Buoyancy Equilibrium on a balance

  • #1
A beaker filled with water is balanced on the left pan of a balance. A cube of 4 cm on an edge is attached to a string and lowered into the water so that it is completely submerged. The cube is not touching the bottom of the beaker. A weight of mass m is added to the right pan to restore equilibrium. What is m ?

Well i know that the volume of the cube is 64 cm^3 or 6.4x10^-5 m^3. And the buoyancy force would be the density of the water times the volume of the cube times g. But thats all i've gotten pretty much. I've tried using summation of torques about the pivot of the balance, but it just gets me more and more lost. All I need is a step in the right direction. Would i take into consideration the beaker's mass or density? It doesnt really specify it, but I would think it is made of glass and so the density of glass is 2.6 x 10^3 kg/m^3. The density of water is 1000kg/m^3 and i dont know if it is needed either but the density of air is 1.293 kg/m^3. Thanks.
 

Answers and Replies

  • #2
Galileo
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Since the cube is completely submerged and not touching the bottom, there is no net force acting on it. So the buoyancy cancels out the gravitational force on the cube.
 
  • #3
Doc Al
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Galileo said:
Since the cube is completely submerged and not touching the bottom, there is no net force acting on it. So the buoyancy cancels out the gravitational force on the cube.
True, the cube has no net force acting on it. But there are three forces acting on it: its weight, the string tension, and the buoyant force.

When the cube is lowered into the water, the left pan of the balance will experience an added force equal to the buoyant force on the cube. Choose the mass m accordingly.
 
  • #4
When the cube is lowered into the water, the left pan of the balance will experience an added force equal to the buoyant force on the cube. Choose the mass m accordingly.
so are you saying the force mg on the right pan is equal to the buyoyant force on the cube in the beaker on the left pan? If this were true, then the density of the water times the volume of the cube would equal that mass m; which would turn out to be 0.064 kg. Is this correct? Or is there something I am missing?
 
  • #5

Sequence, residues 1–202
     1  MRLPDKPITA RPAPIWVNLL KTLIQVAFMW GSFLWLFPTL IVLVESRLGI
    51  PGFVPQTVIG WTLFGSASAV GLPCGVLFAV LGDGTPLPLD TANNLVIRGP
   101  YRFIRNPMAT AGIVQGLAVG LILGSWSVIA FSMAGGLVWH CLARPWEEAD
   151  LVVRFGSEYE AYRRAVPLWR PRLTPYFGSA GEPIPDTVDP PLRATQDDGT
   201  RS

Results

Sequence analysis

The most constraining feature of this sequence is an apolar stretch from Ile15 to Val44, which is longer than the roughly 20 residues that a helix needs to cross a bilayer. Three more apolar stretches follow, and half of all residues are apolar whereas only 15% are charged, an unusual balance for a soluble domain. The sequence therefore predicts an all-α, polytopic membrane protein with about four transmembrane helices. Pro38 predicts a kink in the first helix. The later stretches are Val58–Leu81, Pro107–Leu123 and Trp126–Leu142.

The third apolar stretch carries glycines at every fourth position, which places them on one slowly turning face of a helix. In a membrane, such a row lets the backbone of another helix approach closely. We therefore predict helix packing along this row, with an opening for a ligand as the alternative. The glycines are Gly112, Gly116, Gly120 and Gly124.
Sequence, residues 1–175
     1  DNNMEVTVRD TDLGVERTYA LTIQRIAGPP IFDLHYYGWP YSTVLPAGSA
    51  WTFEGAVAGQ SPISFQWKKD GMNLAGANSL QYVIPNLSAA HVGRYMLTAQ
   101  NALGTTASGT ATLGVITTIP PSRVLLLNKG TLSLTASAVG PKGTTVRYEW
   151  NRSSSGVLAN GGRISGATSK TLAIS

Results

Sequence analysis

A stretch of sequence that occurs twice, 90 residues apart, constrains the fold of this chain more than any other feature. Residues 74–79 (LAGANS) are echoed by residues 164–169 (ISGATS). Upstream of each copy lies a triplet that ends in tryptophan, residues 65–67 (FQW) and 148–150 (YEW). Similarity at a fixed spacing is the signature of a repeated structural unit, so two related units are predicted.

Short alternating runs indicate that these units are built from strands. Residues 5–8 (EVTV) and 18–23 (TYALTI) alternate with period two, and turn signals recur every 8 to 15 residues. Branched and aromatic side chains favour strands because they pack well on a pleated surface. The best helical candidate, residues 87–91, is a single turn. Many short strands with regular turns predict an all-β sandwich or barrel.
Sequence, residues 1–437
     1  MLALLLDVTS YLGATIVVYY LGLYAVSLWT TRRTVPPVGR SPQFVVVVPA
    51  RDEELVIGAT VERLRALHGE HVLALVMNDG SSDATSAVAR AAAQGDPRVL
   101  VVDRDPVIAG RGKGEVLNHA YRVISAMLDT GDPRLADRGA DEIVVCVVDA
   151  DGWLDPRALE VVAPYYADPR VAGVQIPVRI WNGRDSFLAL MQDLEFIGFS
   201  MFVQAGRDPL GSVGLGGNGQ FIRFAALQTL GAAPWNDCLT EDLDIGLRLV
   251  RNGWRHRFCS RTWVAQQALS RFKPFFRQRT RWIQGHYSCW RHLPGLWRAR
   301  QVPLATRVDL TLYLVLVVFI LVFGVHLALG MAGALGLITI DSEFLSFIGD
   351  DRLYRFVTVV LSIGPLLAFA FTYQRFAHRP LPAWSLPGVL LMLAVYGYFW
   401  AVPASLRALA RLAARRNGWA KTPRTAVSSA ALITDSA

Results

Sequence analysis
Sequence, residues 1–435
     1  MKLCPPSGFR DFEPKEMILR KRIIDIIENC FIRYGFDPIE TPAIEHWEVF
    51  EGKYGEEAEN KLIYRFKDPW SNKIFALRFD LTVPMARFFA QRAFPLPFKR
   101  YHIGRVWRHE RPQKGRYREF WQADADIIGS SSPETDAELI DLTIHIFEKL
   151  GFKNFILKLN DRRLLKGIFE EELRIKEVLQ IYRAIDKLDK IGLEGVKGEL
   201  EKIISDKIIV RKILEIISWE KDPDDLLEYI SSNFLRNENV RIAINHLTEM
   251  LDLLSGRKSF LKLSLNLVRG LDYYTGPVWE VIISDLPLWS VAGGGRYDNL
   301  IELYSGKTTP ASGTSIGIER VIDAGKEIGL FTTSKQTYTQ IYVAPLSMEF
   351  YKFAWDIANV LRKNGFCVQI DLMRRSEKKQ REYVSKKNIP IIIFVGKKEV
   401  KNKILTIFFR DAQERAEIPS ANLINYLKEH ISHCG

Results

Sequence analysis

Doc Al
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Exactly correct.
 
  • #6
ok i see. thank you, Doc Al, for helping me out. I spent hours on that problem and didnt realize that it would be like that. I know the problem is done and all, but how do you know that the buoyancy force is equal to the weight of the mass on the right pan? I mean to say, what principles or laws can be used to show this?
 
  • #7
Doc Al
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Excellent question. I'm glad to see you thinking.

There are several ways to understand what's going on.

Analyze the forces on the cube. Apply the equilibrium condition to figure out what the tension in the string must be.

Then analyze the forces on the beaker plus contents as a single system. What are all the forces acting on that system?
 
  • #8
well the summation of forces on the cube shows the tension force is equal to the weight of the cube minus the Buoyant force. The new forces in the beaker system are the Normal force by the balance pan and the weight of the beaker. But isnt the weight of the beaker dependent on the weight of the water inside it as well as the apparent weight of the cube?
 
  • #9
Doc Al
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Torquenstein101 said:
well the summation of forces on the cube shows the tension force is equal to the weight of the cube minus the Buoyant force.
Right.
The new forces in the beaker system are the Normal force by the balance pan and the weight of the beaker.
Don't forget the string pulling up.
But isnt the weight of the beaker dependent on the weight of the water inside it as well as the apparent weight of the cube?
The weight of the beaker system just depends on the mass of its contents: beaker, water, and cube.
 

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